Bathrooms—especially shower stalls—are a perfect breeding ground for mold. They are humid, often dark with poor air circulation, and there is food readily available from soap scum and body soil. What can begin as a tiny mold colony creeping along a grout seam can grow into a moldy ceiling.
Before you begin, it is important to determine what type of mold is growing on the bathroom ceiling. Molds are classified into three categories:
- Allergenic molds can require removal by a professional, but most allergenic molds can be removed with home disinfecting products.
- Pathogenic molds can be controlled with disinfectants but large colonies require professional removal.
- Toxic molds are the most harmful and require a professional to kill the mold and dispose of any affected materials.
Once you have discovered and identified the mold, it must be removed. If the mold infestation is deemed to be toxic or covers 10 or more square feet, then a professional should handle the removal. Local public health departments can offer advice on mold testing and refer you to an expert mold remover.
If you catch the mold growth while it is a small colony, it can usually be removed safely with home methods. Once it is gone, take steps to reduce humidity and improve air circulation in the bathroom to prevent regrowth.
How Often to Remove Mold From Bathroom Ceilings
Mold should be removed as quickly as possible at the first signs of growth. It won't go away on its own, so you need to take action.
Equipment / Tools
- Protective gloves
- Protective eyewear
- Protective face mask
- Soft-bristled brush
- Plastic bucket
- Step ladder
- Measuring cups and spoons
- Spray bottle
- Microfiber cloth
- Chlorine bleach
- Dishwashing liquid
How to Remove Mold From a Painted Drywall Bathroom Ceiling
Mix a Cleaning Solution
In a plastic bucket, mix one-part dishwashing liquid, 10 parts bleach, and 20 parts water. To clean a small area of mold, mix a solution of one tablespoon dishwashing liquid, 1/2 cup chlorine bleach, and one cup of warm water in a spray bottle. The dishwashing liquid will help the solution cling to the ceiling longer to kill the mold.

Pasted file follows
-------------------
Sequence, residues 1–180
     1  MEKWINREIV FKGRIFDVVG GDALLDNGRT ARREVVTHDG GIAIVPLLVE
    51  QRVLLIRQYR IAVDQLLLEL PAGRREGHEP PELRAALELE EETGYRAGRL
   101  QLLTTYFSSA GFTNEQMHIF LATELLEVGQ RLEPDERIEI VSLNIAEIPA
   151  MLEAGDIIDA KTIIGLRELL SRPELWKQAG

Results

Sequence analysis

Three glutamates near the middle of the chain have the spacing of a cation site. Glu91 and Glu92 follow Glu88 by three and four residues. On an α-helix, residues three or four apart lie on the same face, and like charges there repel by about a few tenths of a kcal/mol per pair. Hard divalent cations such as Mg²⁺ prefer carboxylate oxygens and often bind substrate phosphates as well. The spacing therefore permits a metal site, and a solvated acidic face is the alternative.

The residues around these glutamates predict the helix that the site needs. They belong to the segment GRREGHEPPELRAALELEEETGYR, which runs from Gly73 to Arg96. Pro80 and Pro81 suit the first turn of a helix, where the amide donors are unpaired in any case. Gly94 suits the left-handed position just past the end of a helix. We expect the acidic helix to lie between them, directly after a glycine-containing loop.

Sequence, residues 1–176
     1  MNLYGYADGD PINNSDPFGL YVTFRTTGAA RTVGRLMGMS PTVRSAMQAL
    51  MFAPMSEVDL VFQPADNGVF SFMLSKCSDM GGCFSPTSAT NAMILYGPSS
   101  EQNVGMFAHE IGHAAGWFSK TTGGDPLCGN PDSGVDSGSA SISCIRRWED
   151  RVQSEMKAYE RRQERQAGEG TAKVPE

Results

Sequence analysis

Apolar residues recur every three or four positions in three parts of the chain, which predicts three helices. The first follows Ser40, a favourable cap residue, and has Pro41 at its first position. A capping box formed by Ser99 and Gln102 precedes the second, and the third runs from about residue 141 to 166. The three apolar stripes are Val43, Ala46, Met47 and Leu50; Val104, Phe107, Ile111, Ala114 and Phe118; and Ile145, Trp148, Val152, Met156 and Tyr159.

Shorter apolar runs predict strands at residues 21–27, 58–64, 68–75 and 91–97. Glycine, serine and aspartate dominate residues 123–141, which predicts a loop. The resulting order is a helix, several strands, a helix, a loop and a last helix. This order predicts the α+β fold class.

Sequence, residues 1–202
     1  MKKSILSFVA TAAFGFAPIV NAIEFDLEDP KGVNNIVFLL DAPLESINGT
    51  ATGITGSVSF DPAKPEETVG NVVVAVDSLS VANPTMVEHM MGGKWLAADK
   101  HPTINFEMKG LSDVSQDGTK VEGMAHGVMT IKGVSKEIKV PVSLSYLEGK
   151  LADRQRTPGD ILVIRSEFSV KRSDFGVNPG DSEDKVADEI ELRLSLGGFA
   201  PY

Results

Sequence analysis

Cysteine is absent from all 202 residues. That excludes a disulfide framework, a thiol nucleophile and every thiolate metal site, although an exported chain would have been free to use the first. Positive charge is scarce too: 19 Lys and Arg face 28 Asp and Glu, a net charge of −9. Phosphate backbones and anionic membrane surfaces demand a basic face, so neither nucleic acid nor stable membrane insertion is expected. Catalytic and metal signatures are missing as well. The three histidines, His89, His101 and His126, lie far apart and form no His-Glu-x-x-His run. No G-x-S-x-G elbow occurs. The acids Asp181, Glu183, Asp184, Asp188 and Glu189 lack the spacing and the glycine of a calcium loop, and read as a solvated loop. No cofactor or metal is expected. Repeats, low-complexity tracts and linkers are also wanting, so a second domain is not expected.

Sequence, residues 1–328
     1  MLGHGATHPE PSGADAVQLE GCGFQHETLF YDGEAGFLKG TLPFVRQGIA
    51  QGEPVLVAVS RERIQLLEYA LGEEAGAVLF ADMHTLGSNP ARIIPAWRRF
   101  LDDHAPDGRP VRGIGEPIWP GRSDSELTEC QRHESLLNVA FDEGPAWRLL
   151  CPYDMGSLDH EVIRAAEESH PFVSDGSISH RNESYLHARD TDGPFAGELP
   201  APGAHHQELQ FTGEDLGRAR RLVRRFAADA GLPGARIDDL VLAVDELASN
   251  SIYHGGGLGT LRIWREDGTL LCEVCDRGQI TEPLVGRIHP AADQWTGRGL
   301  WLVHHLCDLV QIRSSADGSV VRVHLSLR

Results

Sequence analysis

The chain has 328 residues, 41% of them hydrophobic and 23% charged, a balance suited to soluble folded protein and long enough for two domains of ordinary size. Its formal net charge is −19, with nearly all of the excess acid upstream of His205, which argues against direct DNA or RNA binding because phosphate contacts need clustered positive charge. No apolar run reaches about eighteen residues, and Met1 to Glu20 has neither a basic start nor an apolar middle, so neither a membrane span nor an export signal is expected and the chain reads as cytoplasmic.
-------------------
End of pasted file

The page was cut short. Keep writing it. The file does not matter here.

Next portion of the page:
Put on Protective Gear
When removing mold, it is best to wear old clothes that you won't mind being splattered with bleach and that can be washed in hot water to remove any mold spores that might scatter. Put on a face mask, protective eyewear, and gloves.
To improve ventilation in the bathroom while you are cleaning, open windows or add a circulating fan. Turn on the bathroom ventilation fan, as well.
Spray or Wipe on Cleaning Solution
Using a sturdy stepladder, spray on the cleaning solution or use a sponge to wipe the moldy area with the cleaning solution. The surface should be fully wet but not oversaturated to prevent damage to the ceiling. Allow the solution to air-dry.
Check for Stains
After the ceiling has dried completely, check the ceiling for stains. If dark spots remain, repeat the process.
How to Remove Mold From a Tiled Bathroom Ceiling
On tiled ceilings in shower stalls, mold will most likely form along the grout lines and require more scrubbing to remove.
Mix a Cleaning Solution
Mix one part bleach to 16 parts water (one cup of bleach to one gallon of water). This can be poured into a spray bottle or applied with a sponge.
Saturate the Moldy Areas
Wearing old clothes and protective gear, stand on a sturdy stepladder and spray or wipe on the cleaning solution to the moldy areas. Apply heavily so that the grout is fully saturated. It should remain wet for at least 15 minutes.
Scrub Away the Mold
Using a soft-bristled scrub brush, scrub each line of grout to remove moldy residue. If stains remain, spray the area again, wait another 15 minutes, and scrub again.
Rinse and Dry
Once the stains are gone, rinse the tiled area with plain water and dry with a soft cloth.
Tips to Prevent Mold Growth on Bathroom Ceilings
- Always use the bathroom fan when bathing or showering to help reduce humidity levels.
- Open windows or add a circulating fan to improve air circulation.
- Regularly clean the shower and tub stall.
- Dry the shower stall with a towel or squeegee after each use.
- Regularly wash shower curtains, liners, towels, and bath rugs.